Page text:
issue 4, year 2
Spotlight: dissemination & networking
ECIT Summer University on European Citizenship
From 30th August to 1st September 2017, students, academics, policy makers and civil society representatives from all over Europe met in Brussels at the Maison des Associations Internationales (MAI), to exchange views on the gaps and future challenges of European citizenship. The Summer University - “European Citizenship 2017 – Countering threats to European citizenship across borders, reconfiguring its future”- organised by the ECIT Foundation, under the patronage of the European Parliament, represented an interesting opportunity for dialogue and exchange of ideas between civil society organisations, policy makers and scholars who have a focus on European citizenship. The programme included interactive plenary sessions, thematic workshops, a public debate and a roundtable on different topics, including Brexit, strategies to make citizens’ access to EU Institutions more effective and participatory, Education for European citizenship and citizens’ lobbying.
The CATCH-EyoU consortium (represented by the Coordinator Elvira Cicognani and the WP10 leader Cinzia Albanesi) participated to the Summer University as partner and organized two workshops, in order to present some findings of our research, and collect ideas and suggestions from participants.
The first workshop was titled “Learning (or not learning) about European (active) citizenship in school? What teachers and students want”. Building on WP6 findings, the introductory presentation focused on teachers’ views on their own role and the role of textbooks in European citizenship education, particularly in Italy. Italian teachers involved in WP6 are critical about textbooks and feel that their approach to the EU and civic and political issues is insufficient. Moreover, they emphasize several constraints: they feel that they lack adequate training on the EU and citizenship education, that there is insufficient substantive space for citizenship education in schools’ curricula, and that time and resources to mobilize young people’s interest towards EU issues is limited. The world cafè discussion on the results of teachers’ interviews produced really interesting suggestions and recommendations from our participants, that will be incorporated in our final report.
The second workshop “Europe on young people’s mind. Does the road lead to E(yo)U? presented some preliminary findings of WP7 (see also section 5a) with the aim to collect questions and first thoughts from a broader audience, including non academics. Participants were eager to know more, and to get all the details on how young people, of different economic and educational backgrounds across the consortium countries, viewed Europe and their role as citizens. Some findings will be published in a forthcoming special issue of the European Journal of Developmental Psychology. We also invited participants to join our next conference, in which we will present more detailed results on the cross national and longitudinal study, as well as on the other work packages.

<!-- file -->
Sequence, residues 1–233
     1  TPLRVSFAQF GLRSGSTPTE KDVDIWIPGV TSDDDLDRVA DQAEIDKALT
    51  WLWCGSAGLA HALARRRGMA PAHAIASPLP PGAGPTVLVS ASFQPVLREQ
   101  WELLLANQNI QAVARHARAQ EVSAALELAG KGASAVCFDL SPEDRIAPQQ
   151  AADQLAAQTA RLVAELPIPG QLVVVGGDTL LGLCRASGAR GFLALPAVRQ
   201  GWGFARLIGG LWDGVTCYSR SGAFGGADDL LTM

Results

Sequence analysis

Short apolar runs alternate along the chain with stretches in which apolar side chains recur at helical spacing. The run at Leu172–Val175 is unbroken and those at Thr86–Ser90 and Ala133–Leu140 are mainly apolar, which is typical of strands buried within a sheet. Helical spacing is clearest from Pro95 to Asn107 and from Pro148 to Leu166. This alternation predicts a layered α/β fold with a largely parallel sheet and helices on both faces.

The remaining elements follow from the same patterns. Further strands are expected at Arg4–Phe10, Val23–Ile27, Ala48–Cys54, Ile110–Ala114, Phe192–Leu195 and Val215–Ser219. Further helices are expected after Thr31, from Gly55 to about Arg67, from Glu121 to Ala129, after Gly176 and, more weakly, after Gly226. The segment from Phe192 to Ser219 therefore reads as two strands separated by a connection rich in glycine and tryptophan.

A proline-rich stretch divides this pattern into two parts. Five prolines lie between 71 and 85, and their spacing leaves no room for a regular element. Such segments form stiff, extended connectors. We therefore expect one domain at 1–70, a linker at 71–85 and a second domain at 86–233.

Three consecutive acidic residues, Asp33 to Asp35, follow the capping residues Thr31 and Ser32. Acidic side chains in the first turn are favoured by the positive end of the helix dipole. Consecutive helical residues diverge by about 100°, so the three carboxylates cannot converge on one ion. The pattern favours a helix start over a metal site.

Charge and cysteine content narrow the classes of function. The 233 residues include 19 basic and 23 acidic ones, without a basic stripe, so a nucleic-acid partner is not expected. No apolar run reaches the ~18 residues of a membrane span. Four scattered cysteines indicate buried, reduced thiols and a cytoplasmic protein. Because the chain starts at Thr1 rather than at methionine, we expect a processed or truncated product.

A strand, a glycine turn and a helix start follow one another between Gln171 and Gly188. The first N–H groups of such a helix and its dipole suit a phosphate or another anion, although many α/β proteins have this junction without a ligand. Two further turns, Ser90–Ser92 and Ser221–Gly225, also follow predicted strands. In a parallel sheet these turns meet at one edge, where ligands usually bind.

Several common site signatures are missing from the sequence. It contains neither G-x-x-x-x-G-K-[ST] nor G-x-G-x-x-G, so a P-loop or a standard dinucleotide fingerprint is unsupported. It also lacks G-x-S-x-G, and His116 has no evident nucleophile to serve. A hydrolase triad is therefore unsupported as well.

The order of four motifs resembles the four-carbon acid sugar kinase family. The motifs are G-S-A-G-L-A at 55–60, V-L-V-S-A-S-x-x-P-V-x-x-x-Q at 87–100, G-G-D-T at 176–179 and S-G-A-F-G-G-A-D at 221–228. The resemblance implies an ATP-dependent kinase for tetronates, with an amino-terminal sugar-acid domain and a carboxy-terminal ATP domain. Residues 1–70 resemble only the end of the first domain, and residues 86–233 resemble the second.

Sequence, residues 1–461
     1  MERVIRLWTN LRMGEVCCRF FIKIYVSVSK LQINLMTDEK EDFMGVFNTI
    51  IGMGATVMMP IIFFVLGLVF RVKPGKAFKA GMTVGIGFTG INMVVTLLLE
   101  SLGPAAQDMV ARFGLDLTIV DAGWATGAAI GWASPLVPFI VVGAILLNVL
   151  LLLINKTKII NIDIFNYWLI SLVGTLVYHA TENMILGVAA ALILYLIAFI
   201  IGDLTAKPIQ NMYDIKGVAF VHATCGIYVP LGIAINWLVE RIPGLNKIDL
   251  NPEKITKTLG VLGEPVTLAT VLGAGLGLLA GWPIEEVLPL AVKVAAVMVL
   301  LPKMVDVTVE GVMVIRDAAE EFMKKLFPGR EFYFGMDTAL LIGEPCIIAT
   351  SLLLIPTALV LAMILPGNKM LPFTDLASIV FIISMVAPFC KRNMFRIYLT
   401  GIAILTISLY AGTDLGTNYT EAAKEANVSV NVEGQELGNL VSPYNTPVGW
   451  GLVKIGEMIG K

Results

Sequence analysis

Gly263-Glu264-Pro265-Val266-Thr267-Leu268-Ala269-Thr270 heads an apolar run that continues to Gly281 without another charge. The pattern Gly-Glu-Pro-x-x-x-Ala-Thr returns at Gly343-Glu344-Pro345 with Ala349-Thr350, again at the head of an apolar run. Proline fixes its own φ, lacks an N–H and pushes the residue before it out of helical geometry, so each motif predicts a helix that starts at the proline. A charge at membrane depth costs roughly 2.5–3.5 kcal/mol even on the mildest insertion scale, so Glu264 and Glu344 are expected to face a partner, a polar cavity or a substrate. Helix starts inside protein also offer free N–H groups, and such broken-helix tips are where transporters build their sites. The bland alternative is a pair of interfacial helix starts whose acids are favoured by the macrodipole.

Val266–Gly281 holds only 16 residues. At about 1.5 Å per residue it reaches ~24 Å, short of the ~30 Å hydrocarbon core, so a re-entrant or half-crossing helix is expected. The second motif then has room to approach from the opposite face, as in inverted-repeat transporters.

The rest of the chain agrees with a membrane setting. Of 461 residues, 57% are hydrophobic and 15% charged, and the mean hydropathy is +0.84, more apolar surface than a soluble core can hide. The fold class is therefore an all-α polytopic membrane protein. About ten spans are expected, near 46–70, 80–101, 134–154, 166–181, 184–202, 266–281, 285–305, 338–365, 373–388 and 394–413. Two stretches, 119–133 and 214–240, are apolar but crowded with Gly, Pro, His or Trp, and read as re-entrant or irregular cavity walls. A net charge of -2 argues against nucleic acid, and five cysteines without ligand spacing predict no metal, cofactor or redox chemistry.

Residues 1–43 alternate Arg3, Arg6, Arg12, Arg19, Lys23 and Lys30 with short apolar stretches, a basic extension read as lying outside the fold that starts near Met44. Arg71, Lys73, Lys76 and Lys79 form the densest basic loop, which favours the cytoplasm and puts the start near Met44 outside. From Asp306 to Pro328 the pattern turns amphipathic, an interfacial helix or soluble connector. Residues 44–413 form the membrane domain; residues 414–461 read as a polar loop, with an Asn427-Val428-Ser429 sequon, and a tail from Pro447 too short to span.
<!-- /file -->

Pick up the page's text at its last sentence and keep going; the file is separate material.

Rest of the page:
Besides offering two workshops we had the opportunity to attend some other sessions. One of these, that we found really interesting, was organized by the NGO CUBE –Your talk on Europe on “How do we make participatory tools accessible to young people”. The aim of the workshop was to evaluate formats of participation in the EU in terms of their applicability to youth: structured dialogue programmes, consultations, contributions to law making procedures, ECI, petitions to the European Parliament, etc. The workshop was moderated by Verena Riedmiller, co-founder of the NGO CUBE - Your Take on Europe, who discussed with Michalis Moschovakos, Policy Officer at Directorate-General for Education, Youth, Sport and Culture of the European Commission and Valentin Dupouey, General Secretary of JEF EUROPE, amongst the others. One important conclusions was that more efforts are demanded in order to make participatory tools inclusive of the full variety of young people, but some good practices and strategies are already available.
Another interesting session, coordinated by Tony Venable (Director of ECIT Foundation) and An Fonteyne (ETH Zurich) (“Optimism – Building for Europe! A European House of Citizens?”) shared with participants a project aimed at building a European house of citizens through the contribution of students of architecture, in the effort to increase the visibility of the EU and EU sense of belonging.
Overall, the Summer University was an excellent opportunity to get to know the current concerns, activities and endeavors of the participating organisations and institutions and we could collect many useful stimuli for our work.
We thank Federica, Tony, Eleonora and Ed of the ECIT Foundation for offering us the opportunity to contribute to the Summer University and for their warm welcome, their support in the organization and their contagious enthusiasm!!!
CATCH-EyoU has received funding from the European Union’s Horizon 2020 Research and Innovation Programme under Grant Agreement n. 649538